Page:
FASB statement provides description of various
approaches to measuring elements without
providing prescription
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Current IASB and FASB work on measurement
issues
In 2005 the IASB and FASB stated:
Measurement is one of the most underdeveloped areas of the
two frameworks . . . Both frameworks (the IASB and FASB
Frameworks) contain lists of measurement attributes used in
practice. The lists are broadly consistent, comprising historical
cost, current cost, gross or net realizable (settlement) value,
current market value, and present value of expected future
cash flows. Both frameworks indicate that use of different
measurement attributes is expected to continue. However,
neither provides guidance on how to choose between the listed
measurement attributes or consider other theoretical
possibilities. In other words, the frameworks lack fully
developed measurement concepts.

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Current IASB and FASB work on
measurement issues (cont.)
Phase C of the joint IASB and FASB Conceptual
Framework Project is to address measurement
issues. In this work the IASB and FASB have
identified nine potential measurement bases, these
being: past entry price, past exit price, modified
past amount, current entry price, current exit price,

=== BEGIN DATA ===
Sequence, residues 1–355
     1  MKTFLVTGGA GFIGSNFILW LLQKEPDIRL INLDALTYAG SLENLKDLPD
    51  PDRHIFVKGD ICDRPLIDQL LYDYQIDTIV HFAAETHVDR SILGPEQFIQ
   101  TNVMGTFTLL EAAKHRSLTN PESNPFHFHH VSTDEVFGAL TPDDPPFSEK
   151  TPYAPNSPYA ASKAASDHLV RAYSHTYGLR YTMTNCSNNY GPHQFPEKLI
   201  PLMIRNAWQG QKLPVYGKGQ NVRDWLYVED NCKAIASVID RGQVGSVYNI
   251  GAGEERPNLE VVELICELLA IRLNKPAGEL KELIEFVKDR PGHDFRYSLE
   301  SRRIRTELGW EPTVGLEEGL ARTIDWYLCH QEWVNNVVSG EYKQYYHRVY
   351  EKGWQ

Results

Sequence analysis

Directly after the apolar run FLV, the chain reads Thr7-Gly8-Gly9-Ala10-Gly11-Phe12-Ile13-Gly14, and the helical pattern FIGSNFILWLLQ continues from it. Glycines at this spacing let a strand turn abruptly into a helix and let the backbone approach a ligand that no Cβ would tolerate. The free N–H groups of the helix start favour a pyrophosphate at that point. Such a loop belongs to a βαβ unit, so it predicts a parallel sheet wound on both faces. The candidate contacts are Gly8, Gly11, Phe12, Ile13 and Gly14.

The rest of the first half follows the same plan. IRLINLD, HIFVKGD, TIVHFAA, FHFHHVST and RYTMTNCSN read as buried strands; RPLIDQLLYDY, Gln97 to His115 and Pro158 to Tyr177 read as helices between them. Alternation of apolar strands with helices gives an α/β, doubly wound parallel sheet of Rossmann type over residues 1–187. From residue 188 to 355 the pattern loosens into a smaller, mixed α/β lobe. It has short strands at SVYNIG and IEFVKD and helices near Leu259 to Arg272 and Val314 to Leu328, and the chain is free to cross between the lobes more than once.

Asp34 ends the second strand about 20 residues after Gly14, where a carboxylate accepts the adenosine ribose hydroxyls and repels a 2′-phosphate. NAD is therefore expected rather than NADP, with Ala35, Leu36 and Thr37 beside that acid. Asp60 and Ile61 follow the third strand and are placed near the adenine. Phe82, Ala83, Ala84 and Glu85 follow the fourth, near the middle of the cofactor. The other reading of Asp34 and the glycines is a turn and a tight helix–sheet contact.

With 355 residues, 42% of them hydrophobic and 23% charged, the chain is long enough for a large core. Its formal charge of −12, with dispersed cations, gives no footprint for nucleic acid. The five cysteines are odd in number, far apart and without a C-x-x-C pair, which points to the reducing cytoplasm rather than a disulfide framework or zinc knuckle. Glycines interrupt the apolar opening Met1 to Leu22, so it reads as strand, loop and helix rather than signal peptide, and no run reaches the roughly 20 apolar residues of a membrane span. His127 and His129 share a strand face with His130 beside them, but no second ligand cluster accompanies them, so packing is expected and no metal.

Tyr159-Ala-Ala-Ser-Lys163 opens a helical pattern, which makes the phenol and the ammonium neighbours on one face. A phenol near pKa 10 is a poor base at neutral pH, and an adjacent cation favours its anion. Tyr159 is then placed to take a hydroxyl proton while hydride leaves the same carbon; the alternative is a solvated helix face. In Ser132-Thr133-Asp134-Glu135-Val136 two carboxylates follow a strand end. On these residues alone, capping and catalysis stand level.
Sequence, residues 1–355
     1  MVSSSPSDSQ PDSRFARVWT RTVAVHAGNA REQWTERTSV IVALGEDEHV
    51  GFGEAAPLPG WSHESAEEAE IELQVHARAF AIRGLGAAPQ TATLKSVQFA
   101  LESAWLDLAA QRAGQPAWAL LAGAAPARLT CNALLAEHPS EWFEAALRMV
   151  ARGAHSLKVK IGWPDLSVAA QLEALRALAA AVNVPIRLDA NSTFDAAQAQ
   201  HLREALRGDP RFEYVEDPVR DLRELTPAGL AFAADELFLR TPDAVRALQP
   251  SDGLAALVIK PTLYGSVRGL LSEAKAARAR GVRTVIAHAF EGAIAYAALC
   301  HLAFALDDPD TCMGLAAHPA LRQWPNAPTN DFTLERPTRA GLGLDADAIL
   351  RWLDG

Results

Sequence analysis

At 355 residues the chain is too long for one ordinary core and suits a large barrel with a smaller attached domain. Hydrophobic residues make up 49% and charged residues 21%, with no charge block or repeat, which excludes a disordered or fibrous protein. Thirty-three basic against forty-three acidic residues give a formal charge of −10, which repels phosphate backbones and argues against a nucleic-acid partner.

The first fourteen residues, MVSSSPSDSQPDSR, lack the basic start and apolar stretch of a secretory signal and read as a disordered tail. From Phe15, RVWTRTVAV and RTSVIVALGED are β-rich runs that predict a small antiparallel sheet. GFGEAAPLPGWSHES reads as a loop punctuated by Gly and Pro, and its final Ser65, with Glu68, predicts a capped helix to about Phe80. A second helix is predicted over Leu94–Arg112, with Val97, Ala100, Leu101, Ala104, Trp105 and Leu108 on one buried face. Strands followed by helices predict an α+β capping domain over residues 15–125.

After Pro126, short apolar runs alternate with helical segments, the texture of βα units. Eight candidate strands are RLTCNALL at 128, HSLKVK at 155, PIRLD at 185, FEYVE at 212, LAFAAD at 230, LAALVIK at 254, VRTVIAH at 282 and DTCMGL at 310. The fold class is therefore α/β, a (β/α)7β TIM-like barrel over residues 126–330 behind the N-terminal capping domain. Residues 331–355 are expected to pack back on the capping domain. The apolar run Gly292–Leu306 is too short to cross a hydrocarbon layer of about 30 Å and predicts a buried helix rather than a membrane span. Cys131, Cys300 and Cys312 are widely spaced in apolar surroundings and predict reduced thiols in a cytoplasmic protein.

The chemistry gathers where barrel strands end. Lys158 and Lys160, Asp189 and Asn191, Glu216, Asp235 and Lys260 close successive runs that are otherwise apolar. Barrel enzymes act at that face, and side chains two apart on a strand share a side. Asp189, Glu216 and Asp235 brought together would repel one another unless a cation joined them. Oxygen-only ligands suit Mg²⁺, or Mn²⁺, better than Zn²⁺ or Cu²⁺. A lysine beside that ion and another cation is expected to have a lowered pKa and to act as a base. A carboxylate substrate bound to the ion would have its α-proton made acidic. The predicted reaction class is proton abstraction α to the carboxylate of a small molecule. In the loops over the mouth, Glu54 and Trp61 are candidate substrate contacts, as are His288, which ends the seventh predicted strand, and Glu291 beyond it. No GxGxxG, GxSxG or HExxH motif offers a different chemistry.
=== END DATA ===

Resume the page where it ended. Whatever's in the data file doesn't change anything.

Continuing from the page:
current equilibrium price, value in use, future entry
price, and future exit price
It is expected that it will be a number of years
before any conclusion is reached about the most
appropriate measurement basis for assets and
liabilities
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Benefits associated with conceptual
frameworks
Accounting standards should be more consistent
and logical

Increased international compatibility of accounting
standards

Standard-setters should be more accountable for
their decisions

Communication between standard-setters and
their constituents should be enhanced
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Benefits associated with CFs (cont.)
The development of accounting standards should
be more economical

Where conceptual frameworks cover a particular
issue, there might be a reduced need for additional
standards

Emphasise the 'decision usefulness' role of
financial reports rather than restricting concern to
stewardship
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Disadvantages of conceptual
frameworks
Smaller organisations may feel overburdened by
reporting requirements

Typically economic in focus, so ignore transactions
that have not involved market transactions or
exchange of property rights
further reinforces the importance of economic
performance relative to social performance

Represent a codification of existing practice
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CFs as a means of legitimising
standard-setting bodies
Some (e.g. Hines and Solomons) have suggested
that CFs have been used as devices to help
ensure the ongoing existence of the accounting
profession

Increase the ability of the profession to self-
regulate, thus counteracting government
intervention